Your Dream Garden

by Theresa Sontag

Have you dreamed about what your garden could look like? Whenever you browse garden catalogs filled with colorful flowers, shrubs, trees and pictures of beautifully landscaped yards, the choices seem endless. Not only are you asking yourself "What type tree should go here?" you also need to consider if ponds and garden sculptures should be considered, and if so, what type! Before investing your money ordering hundreds of plants or giving up because you cannot decide what you really want, here are a few things to consider.

A common concern in landscaping is creating a lovely, private environment. While fencing can provide immediate privacy, consider a buffer strip of shrubbery between your home environment and the one next door. Many shrubs will grow quickly and act as a screen while providing habitat for a variety of birds. Consider planting shrubs native to your area because they are usually well adapted to local conditions and may provide the best habitat for local wildlife. Some other issues to consider: whether the plants have special characteristics, such as whether they produce flowers or fruits, how large they will be at maturity and how much maintenance they require to remain healthy and in scale with your yard. Check with a local nursery or garden center for recommendations.

If you always thought it would be fun to have a pond, go for it! With the variety of materials now available, anyone can have a garden pond, regardless of the size of your yard. If you have the space available, you can build one right in the ground. You can purchase a pre-formed mold or dig a hole and line it with a plastic pond liner. If space is limited, a simpler and space efficient type of pond consists of a plastic lined barrel or tub. Just add water, plants, a pump, and even fish and you have a pond for your patio. Be sure to consider sources of electricity if you intend to add a pump. Also, make sure you use caution and take security measures if small children have access to your garden and the pond. Another factor to consider is maintenance. A pond can require a lot of effort to keep it clear of algae, leaves, and debris.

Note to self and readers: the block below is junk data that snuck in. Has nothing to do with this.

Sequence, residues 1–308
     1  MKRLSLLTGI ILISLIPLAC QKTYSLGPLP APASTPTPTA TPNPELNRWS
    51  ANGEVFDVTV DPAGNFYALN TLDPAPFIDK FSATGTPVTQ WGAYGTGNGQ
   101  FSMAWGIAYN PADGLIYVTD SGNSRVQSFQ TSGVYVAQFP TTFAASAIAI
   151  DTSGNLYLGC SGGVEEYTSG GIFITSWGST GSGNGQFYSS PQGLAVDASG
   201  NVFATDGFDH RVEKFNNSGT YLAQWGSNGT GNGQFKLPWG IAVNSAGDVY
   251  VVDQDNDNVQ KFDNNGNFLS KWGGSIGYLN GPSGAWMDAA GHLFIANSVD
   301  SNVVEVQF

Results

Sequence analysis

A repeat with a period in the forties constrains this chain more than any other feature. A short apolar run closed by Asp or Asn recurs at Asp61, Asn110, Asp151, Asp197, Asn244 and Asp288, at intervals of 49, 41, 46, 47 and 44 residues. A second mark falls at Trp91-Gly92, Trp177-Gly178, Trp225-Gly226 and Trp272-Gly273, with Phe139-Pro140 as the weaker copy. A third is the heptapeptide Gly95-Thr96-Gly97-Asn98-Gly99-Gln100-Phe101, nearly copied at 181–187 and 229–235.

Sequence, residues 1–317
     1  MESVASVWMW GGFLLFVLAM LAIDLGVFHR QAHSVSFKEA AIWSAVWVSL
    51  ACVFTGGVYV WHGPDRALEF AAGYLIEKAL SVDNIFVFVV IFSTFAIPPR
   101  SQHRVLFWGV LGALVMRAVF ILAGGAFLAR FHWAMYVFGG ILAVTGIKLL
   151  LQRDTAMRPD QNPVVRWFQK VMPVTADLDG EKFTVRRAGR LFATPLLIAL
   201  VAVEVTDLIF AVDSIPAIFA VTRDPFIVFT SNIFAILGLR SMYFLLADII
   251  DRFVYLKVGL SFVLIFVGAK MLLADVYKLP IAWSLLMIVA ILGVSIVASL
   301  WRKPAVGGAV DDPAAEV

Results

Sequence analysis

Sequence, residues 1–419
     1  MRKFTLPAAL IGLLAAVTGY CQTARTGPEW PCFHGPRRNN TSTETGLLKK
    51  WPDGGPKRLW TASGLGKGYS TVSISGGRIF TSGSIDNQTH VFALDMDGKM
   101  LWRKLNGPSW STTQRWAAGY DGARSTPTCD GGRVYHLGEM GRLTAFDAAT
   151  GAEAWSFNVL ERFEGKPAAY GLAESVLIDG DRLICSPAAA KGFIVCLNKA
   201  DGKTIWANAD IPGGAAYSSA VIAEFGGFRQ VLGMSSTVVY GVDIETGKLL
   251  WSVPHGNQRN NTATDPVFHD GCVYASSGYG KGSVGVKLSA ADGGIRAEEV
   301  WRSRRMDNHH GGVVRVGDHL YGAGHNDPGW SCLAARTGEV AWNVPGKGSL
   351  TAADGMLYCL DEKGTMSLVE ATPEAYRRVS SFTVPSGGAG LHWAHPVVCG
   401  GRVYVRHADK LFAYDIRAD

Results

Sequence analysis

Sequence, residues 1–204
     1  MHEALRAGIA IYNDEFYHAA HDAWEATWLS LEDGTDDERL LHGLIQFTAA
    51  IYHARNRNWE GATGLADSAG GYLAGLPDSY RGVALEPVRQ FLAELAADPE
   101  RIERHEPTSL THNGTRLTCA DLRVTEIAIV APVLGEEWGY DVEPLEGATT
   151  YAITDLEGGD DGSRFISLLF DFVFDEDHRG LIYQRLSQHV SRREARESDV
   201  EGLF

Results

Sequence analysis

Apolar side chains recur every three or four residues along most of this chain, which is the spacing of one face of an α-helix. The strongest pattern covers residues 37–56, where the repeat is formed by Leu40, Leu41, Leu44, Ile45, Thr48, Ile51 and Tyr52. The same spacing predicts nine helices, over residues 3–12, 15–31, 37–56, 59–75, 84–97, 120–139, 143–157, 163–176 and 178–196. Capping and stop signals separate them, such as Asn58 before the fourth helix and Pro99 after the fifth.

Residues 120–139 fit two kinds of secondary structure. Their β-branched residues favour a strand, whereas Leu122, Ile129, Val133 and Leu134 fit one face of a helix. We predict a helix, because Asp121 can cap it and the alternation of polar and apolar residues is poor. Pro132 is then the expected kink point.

If you do not want to spend your weekends maintaining a yard, turn part of it into a wildflower garden. Depending on where you live, this could be a prairie, desert landscape, or alpine garden. Check on local zoning ordinances. Some communities have not yet recognized the value of "native landscaping" and may consider this a nuisance area. If you want a more maintained yard, consider ground covers instead of grass and use mulch to control weeds in foundation plantings and flower beds.

When selecting plants, you must make sure they are adapted to your area. Consider the low and high temperatures the plant will tolerate, amount of moisture, amount of sunlight, and soil characteristics. You also need to ask yourself: Do you want an annual that will need replanting every year or a perennial that comes up year after year? Do you want cut flowers for inside your home or to give to friends?

Another to consider is native plants. They are usually better adapted to local conditions and need little maintenance. Be cautious about introducing exotic species such as bamboo or purple loosestrife that will become invasive. Some of these plants are prohibited in many states.

Above all, you should choose what you like. There is an enormous variety of plants that will provide food and shelter to a wide variety of wildlife and will give you the color and ambiance of your dreams.

About the Author

Theresa Sontag is an avid gardener. For more gardening tips and resources on creating lush, vibrant gardens, visit Gardening-How-To.com, Rose Garden-How-To.com and The Garden Review.com!



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